Death Café update

In 2019, I wrote a post about the Death Café – important information for U.S. citizens living abroad, or for that matter, any foreigner living in another country. I write about my experiences in Mexico, because that is what I know, but the same questions can be applied to any country with answers being according to the laws of your particular country.

Warning – this is a long and detailed description of things to be considered if you plan to spend your life in another country, especially if the official language of that country is not your native language. As long and as dry as this post might be, it is a very important subject and will save your loved ones a lot of grief if you are prepared ahead of time and have these important discussions with them.

For those who didn’t read the previous post, and for those who did but don’t remember the details, I will recap the information here. Every baby born in Mexico has a first name, possibly a second name, and two last names called Apellidos. The first last name is the name of the baby’s father. The second last name is the last name of the baby’s mother. For example, if the father’s name is José Gómez González and the mother’s name is Rosa López Ceja and they have a baby girl they name Maria Guadalupe, her name will be Maria Guadalupe Gómez López. She can be called Maria Gómez for short, but the full name is the one she will carry for her entire life. The same rule applies to boys. When a girl marries, her name doesn’t change.

When a person dies in Mexico, the name on the death certificate is the same as the name on the birth certificate, and therein lies the problem for foreigners who have changed their name. In the United States, it is common for married women to take their husband’s last name, which is what I did. Therefore, my legal name is not the same as the name on my birth certificate.

And so, in order to reduce complications for my family when I eventually pass away, I needed to make sure that my death certificate here in Mexico would be acceptable under my legal name in the United States. The first task was to get a copy of my birth certificate, since my original was so old it was faded and much of it was unreadable. However, it was not sufficient to have a new birth certificate from the Department of Health of my state – an Apostille had to be attached. An Apostille is: ” a specialized certificate, issued by the Secretary of State. The Apostille is attached to your original document to verify it is legitimate and authentic so it will be accepted in one of the other countries who are members of the Hague Apostille Convention.” That involved sending the original new birth certificate to the Secretary of State and for a fee they attached the Apostille to it, certifying that it is legitimate.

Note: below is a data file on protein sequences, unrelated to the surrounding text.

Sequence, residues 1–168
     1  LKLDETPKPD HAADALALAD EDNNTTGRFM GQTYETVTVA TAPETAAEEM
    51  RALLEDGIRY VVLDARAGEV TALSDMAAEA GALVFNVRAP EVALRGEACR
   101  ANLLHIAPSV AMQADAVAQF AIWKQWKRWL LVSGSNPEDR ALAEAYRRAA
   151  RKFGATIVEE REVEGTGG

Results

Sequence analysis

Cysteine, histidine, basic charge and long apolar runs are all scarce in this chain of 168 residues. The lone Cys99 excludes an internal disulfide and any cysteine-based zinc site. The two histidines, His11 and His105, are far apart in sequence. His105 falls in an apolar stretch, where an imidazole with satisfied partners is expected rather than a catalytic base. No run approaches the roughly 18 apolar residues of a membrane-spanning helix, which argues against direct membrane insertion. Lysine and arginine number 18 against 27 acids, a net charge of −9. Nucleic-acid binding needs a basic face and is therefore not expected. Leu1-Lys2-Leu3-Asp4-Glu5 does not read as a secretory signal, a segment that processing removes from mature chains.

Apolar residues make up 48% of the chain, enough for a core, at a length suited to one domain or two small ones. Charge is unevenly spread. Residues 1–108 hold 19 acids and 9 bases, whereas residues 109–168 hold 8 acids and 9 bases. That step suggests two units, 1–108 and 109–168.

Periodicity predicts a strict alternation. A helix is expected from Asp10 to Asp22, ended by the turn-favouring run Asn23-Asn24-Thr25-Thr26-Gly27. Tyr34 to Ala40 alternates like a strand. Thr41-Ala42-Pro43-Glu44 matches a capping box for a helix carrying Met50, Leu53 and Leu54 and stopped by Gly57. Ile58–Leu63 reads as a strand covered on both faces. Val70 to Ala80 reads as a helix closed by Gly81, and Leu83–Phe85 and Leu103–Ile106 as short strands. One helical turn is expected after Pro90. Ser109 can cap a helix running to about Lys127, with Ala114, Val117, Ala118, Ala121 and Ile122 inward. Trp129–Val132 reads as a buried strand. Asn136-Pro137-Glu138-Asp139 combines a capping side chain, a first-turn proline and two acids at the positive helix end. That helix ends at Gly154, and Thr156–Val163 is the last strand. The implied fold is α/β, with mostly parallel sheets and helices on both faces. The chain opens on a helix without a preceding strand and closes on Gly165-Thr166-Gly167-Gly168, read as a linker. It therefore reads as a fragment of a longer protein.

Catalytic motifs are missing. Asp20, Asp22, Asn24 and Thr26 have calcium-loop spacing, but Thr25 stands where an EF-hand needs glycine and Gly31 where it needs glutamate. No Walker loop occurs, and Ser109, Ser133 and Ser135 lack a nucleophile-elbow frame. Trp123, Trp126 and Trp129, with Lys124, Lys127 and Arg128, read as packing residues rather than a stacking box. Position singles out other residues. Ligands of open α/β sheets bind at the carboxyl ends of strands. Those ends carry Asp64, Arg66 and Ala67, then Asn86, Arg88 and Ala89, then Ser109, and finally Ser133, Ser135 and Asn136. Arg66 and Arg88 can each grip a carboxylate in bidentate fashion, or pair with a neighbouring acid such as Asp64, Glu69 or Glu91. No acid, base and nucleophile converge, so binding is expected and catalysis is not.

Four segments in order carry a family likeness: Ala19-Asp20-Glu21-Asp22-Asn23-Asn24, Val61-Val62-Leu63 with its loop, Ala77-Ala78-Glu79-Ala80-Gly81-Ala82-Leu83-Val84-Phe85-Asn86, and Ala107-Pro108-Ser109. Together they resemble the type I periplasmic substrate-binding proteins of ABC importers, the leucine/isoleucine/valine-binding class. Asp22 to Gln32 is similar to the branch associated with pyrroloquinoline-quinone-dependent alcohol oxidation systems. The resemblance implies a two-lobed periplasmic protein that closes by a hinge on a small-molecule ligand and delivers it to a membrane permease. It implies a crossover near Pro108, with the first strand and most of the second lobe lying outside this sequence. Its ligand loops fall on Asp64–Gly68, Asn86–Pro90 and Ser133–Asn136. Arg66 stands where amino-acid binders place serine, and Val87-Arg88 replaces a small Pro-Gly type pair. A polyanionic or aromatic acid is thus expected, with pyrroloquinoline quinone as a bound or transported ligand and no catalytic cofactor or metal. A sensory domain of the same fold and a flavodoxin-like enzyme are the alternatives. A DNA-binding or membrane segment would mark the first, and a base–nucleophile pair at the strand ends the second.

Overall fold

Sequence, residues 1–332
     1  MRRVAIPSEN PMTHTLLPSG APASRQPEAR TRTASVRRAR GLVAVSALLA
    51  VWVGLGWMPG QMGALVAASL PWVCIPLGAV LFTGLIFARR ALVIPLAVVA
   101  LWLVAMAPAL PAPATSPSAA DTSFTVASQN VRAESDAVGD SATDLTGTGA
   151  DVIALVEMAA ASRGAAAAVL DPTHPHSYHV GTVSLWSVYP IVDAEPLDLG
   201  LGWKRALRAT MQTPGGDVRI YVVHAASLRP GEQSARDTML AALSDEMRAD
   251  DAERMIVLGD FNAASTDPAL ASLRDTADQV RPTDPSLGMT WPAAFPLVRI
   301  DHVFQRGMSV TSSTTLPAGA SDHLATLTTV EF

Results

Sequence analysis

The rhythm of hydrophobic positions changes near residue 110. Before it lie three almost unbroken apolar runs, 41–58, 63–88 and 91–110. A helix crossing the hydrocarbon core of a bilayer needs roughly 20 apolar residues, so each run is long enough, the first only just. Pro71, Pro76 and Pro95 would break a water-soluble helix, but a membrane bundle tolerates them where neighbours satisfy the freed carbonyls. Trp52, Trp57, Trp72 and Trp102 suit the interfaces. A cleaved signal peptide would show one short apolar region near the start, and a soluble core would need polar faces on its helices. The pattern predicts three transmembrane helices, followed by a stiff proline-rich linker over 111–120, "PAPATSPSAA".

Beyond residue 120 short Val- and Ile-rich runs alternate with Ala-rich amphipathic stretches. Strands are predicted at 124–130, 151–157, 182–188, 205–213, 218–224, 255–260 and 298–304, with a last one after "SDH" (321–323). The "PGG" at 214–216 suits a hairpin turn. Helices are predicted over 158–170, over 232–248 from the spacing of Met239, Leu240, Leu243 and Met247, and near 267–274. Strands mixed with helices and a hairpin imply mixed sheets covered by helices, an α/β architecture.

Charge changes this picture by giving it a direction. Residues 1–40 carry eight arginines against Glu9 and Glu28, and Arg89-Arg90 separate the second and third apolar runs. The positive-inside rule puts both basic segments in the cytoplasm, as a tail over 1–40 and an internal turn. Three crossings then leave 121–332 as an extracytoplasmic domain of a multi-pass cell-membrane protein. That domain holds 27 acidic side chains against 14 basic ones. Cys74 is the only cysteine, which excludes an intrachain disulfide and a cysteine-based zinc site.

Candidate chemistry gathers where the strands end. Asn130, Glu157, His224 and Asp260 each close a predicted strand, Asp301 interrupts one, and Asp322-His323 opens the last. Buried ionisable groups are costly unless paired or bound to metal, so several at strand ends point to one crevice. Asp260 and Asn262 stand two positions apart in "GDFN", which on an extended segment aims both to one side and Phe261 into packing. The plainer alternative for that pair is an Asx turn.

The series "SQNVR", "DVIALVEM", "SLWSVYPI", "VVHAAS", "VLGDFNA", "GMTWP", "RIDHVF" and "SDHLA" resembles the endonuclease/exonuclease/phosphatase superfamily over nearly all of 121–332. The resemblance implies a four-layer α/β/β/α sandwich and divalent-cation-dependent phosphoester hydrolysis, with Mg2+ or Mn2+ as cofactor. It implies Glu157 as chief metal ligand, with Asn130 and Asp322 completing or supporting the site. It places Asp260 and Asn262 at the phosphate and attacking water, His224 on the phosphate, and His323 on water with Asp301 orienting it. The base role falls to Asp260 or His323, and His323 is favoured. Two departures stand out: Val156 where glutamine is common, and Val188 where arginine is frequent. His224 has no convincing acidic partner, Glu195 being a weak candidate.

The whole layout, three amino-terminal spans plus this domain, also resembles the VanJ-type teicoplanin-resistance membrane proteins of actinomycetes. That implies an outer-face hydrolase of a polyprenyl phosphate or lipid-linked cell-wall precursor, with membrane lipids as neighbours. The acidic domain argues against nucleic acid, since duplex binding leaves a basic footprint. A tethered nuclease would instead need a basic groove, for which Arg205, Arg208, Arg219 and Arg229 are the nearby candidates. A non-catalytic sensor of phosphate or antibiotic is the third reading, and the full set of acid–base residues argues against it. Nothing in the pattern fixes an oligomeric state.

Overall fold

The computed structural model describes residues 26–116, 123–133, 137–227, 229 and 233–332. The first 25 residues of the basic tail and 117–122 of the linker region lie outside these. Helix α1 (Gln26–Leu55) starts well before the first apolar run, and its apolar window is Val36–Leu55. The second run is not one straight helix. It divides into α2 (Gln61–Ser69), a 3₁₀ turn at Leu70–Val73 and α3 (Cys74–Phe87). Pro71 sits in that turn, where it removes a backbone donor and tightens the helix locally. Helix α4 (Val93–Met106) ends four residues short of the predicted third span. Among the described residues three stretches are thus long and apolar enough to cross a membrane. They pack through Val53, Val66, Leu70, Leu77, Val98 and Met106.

After receiving the documents, I then took the birth certificate with apostille, my marriage certificate and divorce decree to a certified translator in order to have certified translated documents. Once all of that was accomplished, I was ready to take my original documents plus my translated documents to a lawyer or a justice. I chose a justice and had him create a document that stated the person listed on my birth certificate, and my current legal name are one and the same person.

I then asked the justice about a Mexican healthcare proxy. There doesn’t seem to be a standardized form, as there is in the United States, so it would appear that I will have to create my own, and that will be another post at some point in the future. Meanwhile, talking about end-of-life wishes is not something that is normally done here, as I realized when the justice said to me, “You think a lot about death.” My answer was that, as a nurse, I have seen too many times the distress and problems caused by people or families faced with a sudden death or critical condition of a loved one when no conversations have been had ahead of time.

So – I have my plot in the local cemetery, my “tomb” has been constructed, my paperwork is in order for the death certificate, and it was time to create a contract with a local funeral parlor. Since I have no idea when, where or under what circumstances my time will come, it will be left to my family to decide on embalming or cremation, but all other services are included in the contract.

With all of that done, I have the originals in a secure locked box and copies of all documents in an easily accessible place in my house, with two close friends aware of where to find them. Included are names and phone numbers of people to contact when the time comes, and since I am in Mexico, I have a bilingual friend who is responsible for notifying my family.

I am very grateful for having attended the Death Café and learning that simply purchasing a plot in a local cemetery is far short of all that is necessary when you pass away in a foreign country. And since I also live in a non-English-speaking foreign country, I have done all that I can do make the burden on my family as light as possible.

A final point that I would like to make is that, even if you reside in your home country, it is always a good idea to discuss with your family, loved ones, or even a close friend what your wishes would be in the event of an accident or illness and where to find important papers and documents that you or your family will need. But, as I said, more detailed information will be in a future post, and so, until next time, stay safe everyone. Nos vemos.